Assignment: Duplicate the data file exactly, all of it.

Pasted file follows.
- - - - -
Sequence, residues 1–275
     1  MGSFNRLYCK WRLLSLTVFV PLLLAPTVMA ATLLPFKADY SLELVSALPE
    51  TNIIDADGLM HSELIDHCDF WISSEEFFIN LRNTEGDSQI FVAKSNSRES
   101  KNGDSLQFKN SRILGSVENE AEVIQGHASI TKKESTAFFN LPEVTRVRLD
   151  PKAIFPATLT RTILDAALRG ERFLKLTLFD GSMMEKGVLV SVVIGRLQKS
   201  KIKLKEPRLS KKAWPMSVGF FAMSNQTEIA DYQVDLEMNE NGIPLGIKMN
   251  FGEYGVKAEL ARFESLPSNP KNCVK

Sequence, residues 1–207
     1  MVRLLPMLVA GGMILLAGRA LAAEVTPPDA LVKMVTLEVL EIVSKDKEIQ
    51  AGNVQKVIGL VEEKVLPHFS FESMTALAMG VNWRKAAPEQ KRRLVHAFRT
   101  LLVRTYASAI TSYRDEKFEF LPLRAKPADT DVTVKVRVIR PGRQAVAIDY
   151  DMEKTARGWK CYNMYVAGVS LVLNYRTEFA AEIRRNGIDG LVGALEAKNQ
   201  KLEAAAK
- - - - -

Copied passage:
Sequence, residues 1–275
     1  MGSFNRLYCK WRLLSLTVFV PLLLAPTVMA ATLLPFKADY SLELVSALPE
    51  TNIIDADGLM HSELIDHCDF WISSEEFFIN LRNTEGDSQI FVAKSNSRES
   101  KNGDSLQFKN SRILGSVENE AEVIQGHASI TKKESTAFFN LPEVTRVRLD
   151  PKAIFPATLT RTILDAALRG ERFLKLTLFD GSMMEKGVLV SVVIGRLQKS
   201  KIKLKEPRLS KKAWPMSVGF FAMSNQTEIA DYQVDLEMNE NGIPLGIKMN
   251  FGEYGVKAEL ARFESLPSNP KNCVK

Sequence, residues 1–207
     1  MVRLLPMLVA GGMILLAGRA LAAEVTPPDA LVKMVTLEVL EIVSKDKEIQ
    51  AGNVQKVIGL VEEKVLPHFS FESMTALAMG VNWRKAAPEQ KRRLVHAFRT
   101  LLVRTYASAI TSYRDEKFEF LPLRAKPADT DVTVKVRVIR PGRQAVAIDY
   151  DMEKTARGWK CYNMYVAGVS LVLNYRTEFA AEIRRNGIDG LVGALEAKNQ
   201  KLEAAAK